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Understanding CSS rendering issues

Understanding CSS rendering issues

jmau111 profile image Julien Maury Originally published at blog.julien-maury.dev ・3 min read

Understanding how CSS renders is essential to prevent cumulative layout shift and jank.

It occurred to me that many developers assume that if a page has a weird rendering, it's because of shitty JavaScript or too many contents.

While it's probably true in some cases, most of the time, CSS is the culprit.

CSS is render-blocking. The browser blocks the page render until all CSS rules are loaded. If you overuse expensive CSS properties, you might get weird visual effects like jank.

What is jank?

The term "jank" describes a weird impression when browsing a website.

Does your page feel choppy? When the page loads or when scrolling, is there any unwanted motion on the screen?

If so, that's jank, but how does it happen?

Generally, devices refresh 60 times per second. Therefore you have to keep up with 60 frames per second for your rendering, which leaves only 16.66ms (1000ms/60 frames) to run CSS calculations.

If you use expensive CSS properties and animations, the browser has to recalculate positions and sometimes even redraw the entire page, which takes a lot of time. If it takes more than the 16.66ms allowed, the frame stays on the screen, the frame rate goes lower than the 60 FPS, and you get jank.

It's even less than 16.66ms as browsers do some stuff too in that time.

CSS Triggers and Frame Budget

CSS rendering requires several steps:

  1. It determines which CSS properties apply to which elements.
  2. It builds the Layout with positions and dimensions.
  3. It draws out colours, borders, images, and texts.
  4. It orders all elements onto the screen.

All those layers come in that order and consecutively, so if your CSS rule triggers the second step, also called "Layout", it will trigger the third and last steps after.

Ideally, you want your CSS only to trigger the last step, which is the less taxing of all steps.

That is the reason why some CSS properties are more expensive than others. If you want to read more about CSS triggers, please check csstriggers.com.

Repaint and DOM reflow

With CSS rendering steps in mind, it is a little easier to understand what CSS reflow and repaint are.

Repaints happen when the skin of elements change but not their layout (e.g., changing background-color). In contrast, reflows affect the layout, which forces the engine to recalculate positions and dimensions.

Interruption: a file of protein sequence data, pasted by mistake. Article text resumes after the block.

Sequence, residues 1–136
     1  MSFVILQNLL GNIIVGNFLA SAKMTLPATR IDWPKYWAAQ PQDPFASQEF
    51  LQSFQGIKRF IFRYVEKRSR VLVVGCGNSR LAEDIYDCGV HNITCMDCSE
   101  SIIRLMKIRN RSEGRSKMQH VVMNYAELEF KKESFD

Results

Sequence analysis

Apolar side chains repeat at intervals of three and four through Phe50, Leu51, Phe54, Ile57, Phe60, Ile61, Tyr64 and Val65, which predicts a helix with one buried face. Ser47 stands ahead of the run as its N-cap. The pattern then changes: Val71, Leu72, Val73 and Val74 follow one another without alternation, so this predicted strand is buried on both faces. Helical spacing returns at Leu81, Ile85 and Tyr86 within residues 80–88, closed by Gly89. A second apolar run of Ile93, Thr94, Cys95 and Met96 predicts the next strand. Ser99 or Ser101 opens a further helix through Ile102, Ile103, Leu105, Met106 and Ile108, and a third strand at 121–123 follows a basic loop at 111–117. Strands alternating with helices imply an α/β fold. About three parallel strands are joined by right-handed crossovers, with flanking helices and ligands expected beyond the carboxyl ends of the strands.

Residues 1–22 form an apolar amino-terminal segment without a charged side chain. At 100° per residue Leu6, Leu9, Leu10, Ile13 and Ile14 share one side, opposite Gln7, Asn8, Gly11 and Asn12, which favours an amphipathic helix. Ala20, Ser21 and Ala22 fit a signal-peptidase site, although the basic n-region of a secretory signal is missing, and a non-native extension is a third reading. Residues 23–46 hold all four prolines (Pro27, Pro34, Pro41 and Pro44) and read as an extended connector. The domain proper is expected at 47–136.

Reflows are even more expensive than repaints. It often causes the whole page to be re-rendered (children and ancestors nodes also reflow).

Cumulative layout shift

Cumulative layout shift is one of the core web vitals that Google will add as a ranking factor in the next months. This user experience measurement is meaningful.

As Addy Osmani said:

core web vitals are a set of metrics related to speed, responsiveness, and visual stability

CLS (Cumulative layout shift) is a core web vital. It measures layout stability. Images without dimensions, dynamically injected contents and web fonts are common causes of instability.

You may already know this metric, as Lighthouse reports include it.

Lighthouse is handy because it tells you which elements are responsible for the CLS Contribution. However, make sure you test it without browser extensions; they might significantly falsify the tests. Not specifically CLS but the whole performance part.

So what to do?

There are various tools, frameworks, and techniques to improve your CSS. Here are a few acceptable practices:

  • replace floats with flex or grid
  • don't animate expensive properties, especially positions and dimensions
  • use profiling tools and DevTools timeline
  • if you don't need expensive animations and weighty web fonts, consider removing them
  • always add width and height attributes to image tags
  • if you preload web fonts, pay attention to the font-display property
  • if you cannot skip this right-to-left animation on your website, use CSS transforms

Going further

Here are useful links:

Wrap up

CSS deeply affects web performances. Always try to avoid expensive CSS properties as every single rule has its cost.

There are always things to do to improve CSS, such as purge unused CSS, minifying, or bundling stylesheets, which is relatively easy to do with libraries and automatic tools.

However, understanding CSS rendering and eliminating jank are even more powerful means to improve both performances and user experience.

Discussion

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Dany Tulumidis

really helpful, thanks!
Here is a very cool video to understand how the browser actually work and render things: youtube.com/watch?v=cCOL7MC4Pl0&ab...